cover_bobmould_bandruin

Bob Mould – Beauty & Ruin

4

“Coming to terms” is something of an omnipresent and tiresome trope of middle age. Sure, as we get older we realize we’re not gonna live forever; that we (well, most of us) were in fact pretty good looking when we were young, that we’re never gonna be pretty again, that life is not so pretty, and that it’s pretty sure that few (if any) of our hopes and dreams will be realized. Life pretty much sucks and then you die.

Bob Mould has danced variations of the “Coming to terms” rhumba ever since the demise of Husker Du. Unfortunately, what he’s been coming to terms with is the gravity of his own work and the onus of several near perfect albums with Sugar and (especially) Husker Du. For Bob, having made a handful of excellent loud guitar albums fusing hardcore sturm und drang with Byrds power pop was a such a heavy cross to bear that he decided, for a while, to go into acoustic music – and later even into disco – or some approximation of it. Mould’s 1989 solo debut, the largely acoustic Workbook, is totally overrated. And remember the tub-thumping disco opus, Modulate?  I hope not.

Anyway, Bob’s been back to making electric guitar based music for quite a while now. And these days he seems quite comfortable assuming the mantle of punk elder statesman and gay icon. Why, Bob has gone so far as to revisit the Husker Du oeuvre in his live shows – for the fans. Sure, it’s painful for him to relive those turbulent times through his songs. But with the aid of Dave Grohl, Margaret Cho, Craig Whatshisname from The Hold Steady and the good looking schmuck from Spoon, well, I guess it’s OK to take a victory lap or three. (See the recent Mould documentary aired on VH1 Classic Rock.)

I think you know where this is going, right?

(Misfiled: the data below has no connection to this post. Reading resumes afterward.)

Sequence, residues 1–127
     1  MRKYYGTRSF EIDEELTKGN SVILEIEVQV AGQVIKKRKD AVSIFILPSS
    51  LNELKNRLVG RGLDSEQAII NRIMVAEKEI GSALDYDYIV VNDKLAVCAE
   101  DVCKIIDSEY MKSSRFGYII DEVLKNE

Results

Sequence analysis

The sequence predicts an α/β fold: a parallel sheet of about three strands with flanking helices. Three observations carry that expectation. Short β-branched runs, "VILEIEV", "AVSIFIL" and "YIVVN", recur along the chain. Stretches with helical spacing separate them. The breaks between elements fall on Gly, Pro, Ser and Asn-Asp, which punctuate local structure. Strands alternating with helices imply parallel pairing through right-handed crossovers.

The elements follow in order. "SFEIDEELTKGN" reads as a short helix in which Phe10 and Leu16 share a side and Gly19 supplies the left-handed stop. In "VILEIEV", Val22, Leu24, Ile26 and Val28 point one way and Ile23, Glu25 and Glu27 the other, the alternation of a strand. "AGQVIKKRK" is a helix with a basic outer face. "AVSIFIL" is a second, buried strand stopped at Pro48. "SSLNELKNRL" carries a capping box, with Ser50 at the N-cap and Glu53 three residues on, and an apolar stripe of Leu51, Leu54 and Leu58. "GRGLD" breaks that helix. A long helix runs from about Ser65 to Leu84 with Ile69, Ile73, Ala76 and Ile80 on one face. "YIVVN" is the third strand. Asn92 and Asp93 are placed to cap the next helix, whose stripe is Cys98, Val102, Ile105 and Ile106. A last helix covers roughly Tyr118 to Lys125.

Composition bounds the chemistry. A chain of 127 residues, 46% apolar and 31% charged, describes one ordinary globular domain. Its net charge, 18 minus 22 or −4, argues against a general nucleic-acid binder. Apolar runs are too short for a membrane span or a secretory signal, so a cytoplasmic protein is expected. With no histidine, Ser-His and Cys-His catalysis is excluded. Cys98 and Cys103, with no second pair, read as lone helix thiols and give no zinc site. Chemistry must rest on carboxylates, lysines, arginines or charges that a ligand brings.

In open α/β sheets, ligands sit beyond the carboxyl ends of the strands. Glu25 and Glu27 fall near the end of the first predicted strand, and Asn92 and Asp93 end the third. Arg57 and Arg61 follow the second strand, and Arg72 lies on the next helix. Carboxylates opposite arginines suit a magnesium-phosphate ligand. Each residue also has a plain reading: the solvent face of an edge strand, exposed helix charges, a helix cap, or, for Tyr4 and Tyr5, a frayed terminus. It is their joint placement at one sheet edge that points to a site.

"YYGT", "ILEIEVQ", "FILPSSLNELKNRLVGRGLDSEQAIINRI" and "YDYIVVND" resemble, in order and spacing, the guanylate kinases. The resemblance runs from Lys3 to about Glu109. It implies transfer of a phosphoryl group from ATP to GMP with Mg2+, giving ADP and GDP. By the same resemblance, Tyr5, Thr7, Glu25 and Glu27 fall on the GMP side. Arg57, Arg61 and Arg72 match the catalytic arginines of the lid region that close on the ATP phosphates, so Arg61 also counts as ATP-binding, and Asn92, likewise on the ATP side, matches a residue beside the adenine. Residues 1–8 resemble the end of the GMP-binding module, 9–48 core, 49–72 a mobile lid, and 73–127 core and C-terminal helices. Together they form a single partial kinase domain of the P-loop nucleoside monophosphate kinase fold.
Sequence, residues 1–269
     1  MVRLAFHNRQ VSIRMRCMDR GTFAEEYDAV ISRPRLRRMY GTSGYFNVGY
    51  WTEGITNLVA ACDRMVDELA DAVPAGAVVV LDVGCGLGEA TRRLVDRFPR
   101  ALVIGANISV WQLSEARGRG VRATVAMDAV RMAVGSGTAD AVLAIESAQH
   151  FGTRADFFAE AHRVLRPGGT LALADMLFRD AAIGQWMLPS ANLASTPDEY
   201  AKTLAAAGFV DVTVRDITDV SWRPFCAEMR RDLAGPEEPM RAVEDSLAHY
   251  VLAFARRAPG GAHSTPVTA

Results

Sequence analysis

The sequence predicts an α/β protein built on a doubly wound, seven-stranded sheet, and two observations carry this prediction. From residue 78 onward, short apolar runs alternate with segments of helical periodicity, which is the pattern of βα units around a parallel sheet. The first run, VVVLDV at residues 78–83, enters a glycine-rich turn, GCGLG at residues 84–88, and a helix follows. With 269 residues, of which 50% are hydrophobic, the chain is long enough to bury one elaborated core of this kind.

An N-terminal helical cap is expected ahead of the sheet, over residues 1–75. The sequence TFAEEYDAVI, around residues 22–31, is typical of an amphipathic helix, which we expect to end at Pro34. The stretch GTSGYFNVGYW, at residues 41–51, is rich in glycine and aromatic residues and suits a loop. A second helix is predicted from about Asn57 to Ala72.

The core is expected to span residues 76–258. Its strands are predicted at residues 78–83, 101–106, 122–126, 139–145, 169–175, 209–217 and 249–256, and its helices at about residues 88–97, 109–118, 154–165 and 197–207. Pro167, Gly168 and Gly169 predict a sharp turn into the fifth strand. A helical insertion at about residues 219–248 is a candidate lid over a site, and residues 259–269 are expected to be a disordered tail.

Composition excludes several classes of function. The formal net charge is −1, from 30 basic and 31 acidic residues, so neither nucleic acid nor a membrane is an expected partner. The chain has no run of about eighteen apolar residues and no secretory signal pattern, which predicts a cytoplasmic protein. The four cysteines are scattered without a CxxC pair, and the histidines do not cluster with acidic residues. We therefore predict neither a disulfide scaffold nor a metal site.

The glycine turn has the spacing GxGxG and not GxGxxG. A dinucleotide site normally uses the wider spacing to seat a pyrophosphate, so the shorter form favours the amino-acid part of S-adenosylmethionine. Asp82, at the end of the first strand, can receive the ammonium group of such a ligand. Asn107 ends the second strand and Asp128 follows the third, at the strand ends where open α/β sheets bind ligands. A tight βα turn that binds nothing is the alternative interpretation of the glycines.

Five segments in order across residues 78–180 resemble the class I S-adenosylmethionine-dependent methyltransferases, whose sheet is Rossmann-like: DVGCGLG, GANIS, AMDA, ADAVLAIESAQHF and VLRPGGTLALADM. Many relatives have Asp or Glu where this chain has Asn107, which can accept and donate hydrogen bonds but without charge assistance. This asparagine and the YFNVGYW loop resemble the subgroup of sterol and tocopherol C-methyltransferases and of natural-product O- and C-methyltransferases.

Beauty & Ruin is yet another coming to terms album for Bob Mould. The title pretty much sums up the youth (beauty) and mortality (ruin) dialectic perfectly, now doesn’t it? And as expected, we’ll find Bob in contemplative mode, his thoughts ranging from wistful to sad to angry to dour. What else is new?

Standout tracks like “I Don’t Know You Anymore” and, to a lesser degree, “Kid With Crooked Face” follow the Husker/Sugar template that merges melody with powerchord crunch and a wee bit of hardcore anger thrown in just for kicks. And it’s great when Mould sticks to the formula he knows best.

Still, the album is burdened by a majority of mediocre to turgid tracks where Mould takes himself a wee bit too seriously. Case in point: On “Little Glass Pill” Mould laments, “You lie, you lie, you lie, deny, deny, deny, you live in denial, And why, and why, and why, and why, Am I, am I, am I losing this trial?” Oh please, Bob. Leave the persecuted, wounded bird bit to the emo kids, alright?

OK, maybe I’m being too harsh here. But that’s what I do. For a couple or three songs, Beauty & Ruin is exactly what I want from Bob. But there’s just not quite enough of the good stuff among the self-obsessed navel-gazing. If Bob could just get over himself and bust out that Flying V guitar again, well…

Bob Mould
Beauty & Ruin
[Merge]